Democratic women in the Senate were all for these tax reform principles until Trump proposed them
Patrice Lee Onwuka
October 30, 2017
"Now is an important moment to unite across the aisle and to encourage their male colleagues to make good on past promises of tax relief to American families. Instead, a handful of female senators on the left -- who once bemoaned our byzantine tax code and claimed to champion tax relief for working-class families -- are intentionally trying to block tax reform efforts. Not one of the 16 female Democratic senators voted to pass the Senate’s fiscal year 2018 budget resolution, which creates a procedural path for tax reform and tax cuts.
"Senator Elizabeth Warren, D-Mass., made the case that Congress must simplify our complex and burdensome tax code in 2016, when she introduced legislation to make tax filing easier and free for some Americans. In a report, she explained that preparing and filing returns consumed almost 10 percent of the average federal tax refund.
"Warren should be pleased that simplicity is one of President Trump’s four principles for tax reform. Instead she called the Trump plan 'warmed-over' and says it 'delivers massive tax cuts to millionaires and giant corporations and kicks working families to the curb.'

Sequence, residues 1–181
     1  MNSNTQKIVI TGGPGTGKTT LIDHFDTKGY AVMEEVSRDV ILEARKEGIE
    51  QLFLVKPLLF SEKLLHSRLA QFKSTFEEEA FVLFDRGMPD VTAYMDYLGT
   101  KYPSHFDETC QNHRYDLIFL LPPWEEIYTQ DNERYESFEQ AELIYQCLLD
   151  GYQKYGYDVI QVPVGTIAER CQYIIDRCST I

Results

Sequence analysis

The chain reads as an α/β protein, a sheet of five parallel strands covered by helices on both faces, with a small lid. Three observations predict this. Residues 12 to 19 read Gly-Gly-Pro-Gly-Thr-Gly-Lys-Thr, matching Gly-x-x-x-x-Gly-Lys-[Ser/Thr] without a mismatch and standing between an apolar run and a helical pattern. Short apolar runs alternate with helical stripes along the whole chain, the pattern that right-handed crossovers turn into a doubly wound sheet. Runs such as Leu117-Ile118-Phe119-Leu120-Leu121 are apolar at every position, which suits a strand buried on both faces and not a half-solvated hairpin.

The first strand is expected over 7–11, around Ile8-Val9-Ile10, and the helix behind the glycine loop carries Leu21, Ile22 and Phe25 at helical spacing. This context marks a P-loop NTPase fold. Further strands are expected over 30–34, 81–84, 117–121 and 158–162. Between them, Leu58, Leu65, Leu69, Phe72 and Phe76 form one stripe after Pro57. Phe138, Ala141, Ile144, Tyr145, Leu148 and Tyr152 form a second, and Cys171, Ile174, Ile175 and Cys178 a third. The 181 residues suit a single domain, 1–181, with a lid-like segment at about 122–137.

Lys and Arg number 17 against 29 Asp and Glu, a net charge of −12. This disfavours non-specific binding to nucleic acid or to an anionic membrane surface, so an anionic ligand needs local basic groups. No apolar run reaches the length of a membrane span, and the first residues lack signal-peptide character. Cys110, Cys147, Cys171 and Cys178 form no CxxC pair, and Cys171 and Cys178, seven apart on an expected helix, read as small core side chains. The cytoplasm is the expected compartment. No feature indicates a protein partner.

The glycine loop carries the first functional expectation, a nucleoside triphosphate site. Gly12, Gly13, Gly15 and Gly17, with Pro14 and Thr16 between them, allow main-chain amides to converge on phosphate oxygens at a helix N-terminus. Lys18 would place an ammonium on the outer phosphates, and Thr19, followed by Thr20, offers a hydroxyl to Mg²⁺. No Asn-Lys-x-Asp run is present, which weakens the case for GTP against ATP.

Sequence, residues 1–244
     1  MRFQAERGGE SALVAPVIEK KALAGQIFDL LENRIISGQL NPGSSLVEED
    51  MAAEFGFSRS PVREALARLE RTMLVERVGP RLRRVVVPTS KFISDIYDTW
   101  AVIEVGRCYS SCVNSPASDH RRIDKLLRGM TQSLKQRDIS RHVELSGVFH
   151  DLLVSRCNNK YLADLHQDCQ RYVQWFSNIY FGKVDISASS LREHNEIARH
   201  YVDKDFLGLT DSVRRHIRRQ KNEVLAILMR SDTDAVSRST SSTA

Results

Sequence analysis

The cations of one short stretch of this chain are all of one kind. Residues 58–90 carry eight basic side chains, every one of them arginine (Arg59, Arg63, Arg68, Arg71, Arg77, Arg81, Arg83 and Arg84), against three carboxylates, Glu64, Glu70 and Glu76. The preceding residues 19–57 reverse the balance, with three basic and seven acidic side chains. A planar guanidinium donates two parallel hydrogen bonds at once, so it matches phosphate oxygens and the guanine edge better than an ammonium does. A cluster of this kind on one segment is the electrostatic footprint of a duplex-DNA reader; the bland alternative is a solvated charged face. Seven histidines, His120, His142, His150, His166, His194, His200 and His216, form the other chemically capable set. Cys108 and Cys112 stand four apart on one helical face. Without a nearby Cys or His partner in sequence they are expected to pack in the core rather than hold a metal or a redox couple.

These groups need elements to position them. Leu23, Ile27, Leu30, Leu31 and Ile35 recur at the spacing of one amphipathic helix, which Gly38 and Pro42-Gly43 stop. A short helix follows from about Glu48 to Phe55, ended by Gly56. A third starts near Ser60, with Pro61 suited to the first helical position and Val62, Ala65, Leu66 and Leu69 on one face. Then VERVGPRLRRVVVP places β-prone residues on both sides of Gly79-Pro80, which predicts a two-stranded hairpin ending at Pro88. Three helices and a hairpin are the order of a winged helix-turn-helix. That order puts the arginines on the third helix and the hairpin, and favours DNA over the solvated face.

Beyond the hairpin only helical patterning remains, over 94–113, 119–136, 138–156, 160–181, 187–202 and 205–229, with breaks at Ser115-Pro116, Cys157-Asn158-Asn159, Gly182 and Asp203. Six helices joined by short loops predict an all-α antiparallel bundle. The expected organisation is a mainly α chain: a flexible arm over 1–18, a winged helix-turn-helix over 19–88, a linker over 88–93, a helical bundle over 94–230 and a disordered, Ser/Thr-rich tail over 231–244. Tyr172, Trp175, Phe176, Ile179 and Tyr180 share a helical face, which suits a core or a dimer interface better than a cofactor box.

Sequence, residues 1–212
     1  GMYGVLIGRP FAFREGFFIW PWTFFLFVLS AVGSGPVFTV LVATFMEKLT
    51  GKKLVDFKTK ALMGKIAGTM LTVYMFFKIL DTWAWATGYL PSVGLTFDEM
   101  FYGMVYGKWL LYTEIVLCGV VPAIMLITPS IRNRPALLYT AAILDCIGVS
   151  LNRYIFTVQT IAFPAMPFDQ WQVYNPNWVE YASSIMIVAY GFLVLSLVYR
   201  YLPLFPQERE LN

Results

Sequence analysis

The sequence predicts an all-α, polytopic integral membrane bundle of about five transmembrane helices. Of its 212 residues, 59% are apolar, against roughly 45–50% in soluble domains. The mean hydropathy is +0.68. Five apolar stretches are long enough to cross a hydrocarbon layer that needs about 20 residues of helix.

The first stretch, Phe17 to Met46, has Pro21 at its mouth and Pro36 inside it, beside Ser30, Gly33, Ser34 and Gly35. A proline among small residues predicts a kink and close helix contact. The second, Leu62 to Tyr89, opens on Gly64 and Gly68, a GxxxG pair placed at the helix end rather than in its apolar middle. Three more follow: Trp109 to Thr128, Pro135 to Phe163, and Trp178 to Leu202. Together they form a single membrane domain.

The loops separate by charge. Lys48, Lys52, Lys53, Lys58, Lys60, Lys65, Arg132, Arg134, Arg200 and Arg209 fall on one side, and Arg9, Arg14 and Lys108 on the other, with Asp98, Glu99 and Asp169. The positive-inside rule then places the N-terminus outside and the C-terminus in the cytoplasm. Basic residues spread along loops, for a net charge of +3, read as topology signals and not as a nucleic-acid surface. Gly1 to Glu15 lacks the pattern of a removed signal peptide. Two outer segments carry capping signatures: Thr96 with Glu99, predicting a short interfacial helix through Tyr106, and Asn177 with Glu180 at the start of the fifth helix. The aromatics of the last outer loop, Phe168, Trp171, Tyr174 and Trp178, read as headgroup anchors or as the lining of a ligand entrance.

"Wouldn’t eliminating almost every deduction, loophole and exemption advance her goal of creating a simpler, fairer, and cheaper tax filing system?
"Lowering the corporate tax rate is another favorite punching bag for senators on the left. This rhetoric might be convenient today, but it doesn’t match up with their previous statements recognizing that America desperately needs corporate tax reform.
"Just this summer, California’s Senator Dianne Feinstein said, 'I think one might look at the corporate rate. I think that’s a fair thing to do to see that it’s regionalized and equalized.' Yet, when the Trump proposal was released, she failed to mention the proposed corporate tax relief and just painted the entire framework as 'a one-sided proposal that cuts taxes for the rich at the expense of everyone else.'
"This is a missed opportunity: Women in Congress have a chance to demonstrate bipartisanship and leadership that will help women succeed in today’s economy by coming to the table to support needed tax changes.
"Tax reform that lowers the corporate rate to 25 percent and individual rates to zero, 12 percent, 25 percent, and 35 percent will free up resources for these women to reinvest in their businesses.
"Cutting corporate rates could also increase the average American household income by $4,000 annually.
"It’s time for Democratic women in Congress to put down the #Resistance banner and join their Republican colleagues in delivering meaningful relief to women, their families, and their businesses."
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